Image and Substance

We are captivated by images, so much so that we allow images to govern our behavior instead of substance.

The National Football League and the National Basketball Association provide the latest and perhaps most egregious examples. One of the reasons they are current whipping boys is they are extremely concerned with protecting their image. Given the fact that the teams in these businesses are made up of men who have grown up largely unconcerned with how they appear to others, this presents an ongoing problem. Drugs, aberrant social behavior, alcohol use, sexual behavior, domestic abuse and remarks that offend racial minorities regularly rear their heads.

The recent shoddy and criminal behavior by (former) Baltimore running back Ray Rice provides, among other things, an excellent example of concern with image up against substance. As almost everyone in America now knows, there are two videotapes that show Rice abusing his then-fiancé in an elevator. The first tape, made public some days ago, shows Rice dragging an unconscious woman out of the elevator and adjusting her body in various ways. Eventually a passerby helps her sit up.

The image – of Rice dragging the limp female body—earned the Raven running back a suspension from the game for two weeks. The NFL hierarchy and Roger Goodell (“the most powerful man in sports”) took some heat for that. “A slap on the wrist” was widely spoken, but the incident was regarded by most of the public as over and Rice made himself ready to play again. (The American public is famous for being outraged and then moving on.)

But then a second video surfaced, one that may or may not have been available all along. This was from inside the elevator and showed the muscular young man throwing a punch that knocked this woman out. It was quick and it was ugly. His fiancé went down in a heap, hitting her head on a railing on the way.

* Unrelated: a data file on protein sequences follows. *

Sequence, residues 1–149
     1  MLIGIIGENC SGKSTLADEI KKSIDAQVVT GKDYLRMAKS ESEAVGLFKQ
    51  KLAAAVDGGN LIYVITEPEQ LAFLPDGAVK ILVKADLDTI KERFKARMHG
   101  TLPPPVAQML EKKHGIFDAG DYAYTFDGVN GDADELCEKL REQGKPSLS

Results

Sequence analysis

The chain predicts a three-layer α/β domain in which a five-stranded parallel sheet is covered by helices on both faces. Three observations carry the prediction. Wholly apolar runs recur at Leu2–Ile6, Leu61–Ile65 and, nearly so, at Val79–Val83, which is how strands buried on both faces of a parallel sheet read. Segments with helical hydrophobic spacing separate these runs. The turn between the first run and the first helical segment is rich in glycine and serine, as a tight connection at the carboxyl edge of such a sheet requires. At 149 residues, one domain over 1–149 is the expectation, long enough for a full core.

This second image, in the words of Raven’s coach John Harbaugh, “changed everything.” Here is the image-substance split. Dragging an unconscious woman out of an elevator in which they were the only two occupants is worth a two-game suspension. Having the punch inside the elevator shown to the American public leads to Rice’s dismissal, probably ending his career.

The image, revealed to the public, turned the screw. The substance – domestic abuse, violence against women, assault and battery—was disregarded.

Here are my questions: what did the NFL think went on in the elevator? What did they do to find out? How committed is the league to transparency?

Was there some agreement that the woman just passed out? Was Rice innocent of any wrong doing? Did the league pursue the truth or just do enough to protect the image of the Ravens and the league?

Something clearly wrong went on inside that little box and the people who should have been most concerned with discovery apparently turned a blind eye to substance. This is the first any of us have seen of this videotape – that’s the official line. (In fact, Harbaugh publicly supported Ray Rice, dragging his fiancé out of an elevator, until the second set of images surfaced.)

It appears that the NFL, like so many other corporations is more devoted to protecting its brand, its image, than it is to discovering and revealing the truth. Apparently the recent examples of General Motors, Penn State and many other athletes are not enough to change the drive to preserve the image at all costs. It means millions of dollars.

There is such an emphasis on individual players acting to be role models, that the league itself fails to see that it can provide one of strongest messages of all: when the going gets tough, the tough get open. Openness, truth telling and self-responsibility are all virtues that we need to learn and embrace over and over again.

You think this is not important?

One third of all women in this country suffer some kind of physical and/or sexual abuse during their lifetime. This is a national disgrace. If 55 million people were suffering from some disease, we would all be shocked, scared and outraged. It would be –and is—an epidemic.

To the extent that ANY institution takes part in, allows, supports or ignores that epidemic, it needs to be held accountable. Now.

 

John Thomas Wood